Smoky Mountain Apple Orchard
The fall you were seven months from my belly,
I packed you and a lunch in the car,
drove to the horizon, out of South Carolina
north until the land grew craggy,
fog hung low. We climbed steep curves
following the signs for apples, your first word.
At the farm, the barn smelled of cider and fritters.
The checkered tablecloths were saddled
with apple butter in mason jars.
I set you down in a patch of pumpkins
and all the city weekenders cooed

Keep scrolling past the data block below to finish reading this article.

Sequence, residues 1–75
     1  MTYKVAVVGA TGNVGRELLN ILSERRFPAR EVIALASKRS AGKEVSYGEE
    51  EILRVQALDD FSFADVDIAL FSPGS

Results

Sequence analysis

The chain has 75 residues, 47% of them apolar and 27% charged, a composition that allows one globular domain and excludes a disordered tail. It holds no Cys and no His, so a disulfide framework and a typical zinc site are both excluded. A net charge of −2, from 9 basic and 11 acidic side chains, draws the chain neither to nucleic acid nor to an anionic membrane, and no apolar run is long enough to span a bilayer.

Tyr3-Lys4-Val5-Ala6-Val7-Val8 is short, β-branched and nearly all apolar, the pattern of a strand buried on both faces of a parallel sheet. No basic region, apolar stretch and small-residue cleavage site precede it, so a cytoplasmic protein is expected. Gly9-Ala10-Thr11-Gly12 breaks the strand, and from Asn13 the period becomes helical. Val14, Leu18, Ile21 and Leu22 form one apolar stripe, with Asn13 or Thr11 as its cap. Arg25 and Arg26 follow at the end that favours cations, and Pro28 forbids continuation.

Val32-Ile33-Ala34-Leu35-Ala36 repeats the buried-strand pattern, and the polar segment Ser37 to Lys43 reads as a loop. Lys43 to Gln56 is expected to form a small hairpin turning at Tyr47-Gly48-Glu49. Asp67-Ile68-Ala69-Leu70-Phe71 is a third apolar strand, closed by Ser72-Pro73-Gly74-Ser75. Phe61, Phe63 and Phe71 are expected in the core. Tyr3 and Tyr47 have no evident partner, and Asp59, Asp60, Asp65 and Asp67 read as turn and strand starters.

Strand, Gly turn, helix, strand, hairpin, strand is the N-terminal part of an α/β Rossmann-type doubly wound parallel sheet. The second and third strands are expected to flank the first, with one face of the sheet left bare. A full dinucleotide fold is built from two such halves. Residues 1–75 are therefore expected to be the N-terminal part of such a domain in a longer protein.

at your plump loveliness, your bluest eyes.
We wheeled downhill to the pond,
where a honking goose strained
to nip your fingers. You wanted
to touch it as much as it wanted you to.
But already I was denying you,
saving you. It was dizzying
in the slanted orchard rows.
The sun dappled through the trees
you crawled under as I filled a basket.
Wind whipped up from the valley
smelling only of woodsmoke—
I left you gnawing a MacIntosh,
teetered on the ridge looking back
from where we’d come, considering it.
What would it be like, to let the body go,
to give in to gravity? Then I bit into
a Golden Delicious so crisp and sweet
it made me never want to die.